Former IPIA/IPA Students

Frances Baartman – Undergraduate Honours (2020)

My honours thesis will be focused on Blackfoot and Plains bison relations using data from field work done at the University of Alberta Mattheis Research Ranch. By analyzing the data I hope to show a relationship based on community, ceremony and identity, and not just a relationship based solely on subsistence.

Corey Cookson (MA, 2013)

Aaron Coons (MA, 2017)

Aaron analyzed digital mapping data and remote sensing data (imagery, magnetometry, Ground Penetrating Radar) to map the surface and subsurface of the Buffalo Lake Metis Wintering site in Alberta. He examined how we can use non-invasive methods to capture the full extent of wintering sites, even in the presence of agricultural disturbance.

Aaron is currently a GIS Analyst at the Saskatchewan Geological Survey, Data Management in the Ministry of Energy and Resources.

Reid Graham (MA, 2015)

Robert Gustas (MA, 2015)

Robert tested whether GIS-based analyses of movement can be applied to travel over water, developing a new least-cost path approach in GIS.. Using GIS data (terrain modeling, site location, bathymetry), he modeled how first peoples could have used the coast of North America to migrate from Beringia during the last glacial maximum. He applied least-cost path models to variables relating to water travel to identify possible stopping places and travel routes in the past, factoring in changes in sea levels throughout the northern Northwest Coast. He has published two articles from his Masters research:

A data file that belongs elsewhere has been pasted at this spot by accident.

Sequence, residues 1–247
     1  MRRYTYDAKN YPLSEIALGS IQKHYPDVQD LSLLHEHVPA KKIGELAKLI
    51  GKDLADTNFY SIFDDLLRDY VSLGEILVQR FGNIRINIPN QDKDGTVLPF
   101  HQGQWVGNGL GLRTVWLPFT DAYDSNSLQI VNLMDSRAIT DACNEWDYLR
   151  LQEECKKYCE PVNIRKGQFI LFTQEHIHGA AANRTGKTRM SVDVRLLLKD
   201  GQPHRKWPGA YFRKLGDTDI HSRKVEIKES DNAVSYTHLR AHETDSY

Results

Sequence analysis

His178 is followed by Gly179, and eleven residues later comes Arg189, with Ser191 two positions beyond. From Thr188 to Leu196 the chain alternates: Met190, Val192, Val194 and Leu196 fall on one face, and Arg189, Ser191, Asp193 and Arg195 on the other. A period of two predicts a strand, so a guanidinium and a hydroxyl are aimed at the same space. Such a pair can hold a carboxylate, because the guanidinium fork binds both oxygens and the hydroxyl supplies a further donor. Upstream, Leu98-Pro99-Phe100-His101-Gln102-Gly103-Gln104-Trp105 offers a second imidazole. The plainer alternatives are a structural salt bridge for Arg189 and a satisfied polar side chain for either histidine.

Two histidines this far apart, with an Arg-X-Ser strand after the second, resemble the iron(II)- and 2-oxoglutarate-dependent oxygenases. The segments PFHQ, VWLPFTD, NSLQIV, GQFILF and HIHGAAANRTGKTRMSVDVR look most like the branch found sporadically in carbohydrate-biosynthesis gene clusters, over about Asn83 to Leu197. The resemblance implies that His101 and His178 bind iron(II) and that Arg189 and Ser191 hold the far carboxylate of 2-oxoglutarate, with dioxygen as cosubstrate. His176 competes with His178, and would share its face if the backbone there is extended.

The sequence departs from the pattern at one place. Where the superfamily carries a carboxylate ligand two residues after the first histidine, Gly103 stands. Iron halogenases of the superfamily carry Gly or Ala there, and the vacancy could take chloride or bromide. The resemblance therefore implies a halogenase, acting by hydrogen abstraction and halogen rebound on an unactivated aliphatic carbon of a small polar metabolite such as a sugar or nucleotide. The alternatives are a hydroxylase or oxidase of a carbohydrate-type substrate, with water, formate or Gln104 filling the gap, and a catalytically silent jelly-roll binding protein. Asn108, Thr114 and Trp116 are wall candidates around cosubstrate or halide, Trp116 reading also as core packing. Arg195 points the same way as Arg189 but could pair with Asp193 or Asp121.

Gustas, R.and K.Supernant.

2019       Modelling Early Landscape Migrations along the Pacific Northwest Coast. Journal of Anthropological Archaeology 54:192-206.

Gustas, R. and K. Supernant

2017       Least cost path analysis of early maritime movement on the Pacific Northwest Coast. Journal of Archaeological Science 78:40-56.

Robert is currently a PhD Student in Anthropology at the University of Victoria.

Jennifer Hallson (MA, 2017)

Jennifer's research focus lies with the finite dimensions of Promontory Cave 1, and the application of GIS and 3D virtual modelling of the cave environs. She is making projections concerning the total number of artifacts--in categories including moccasins, gaming pieces, hide working implements, and others--in order to determine the scale and importance of activities as well as the rates at which artifacts were being produced and discarded.

Jennifer is currently the Team Lead, Indigenous Consultation and Engagement Administrator at DEMA Land Services.

 Todd Kristensen (PhD, 2020)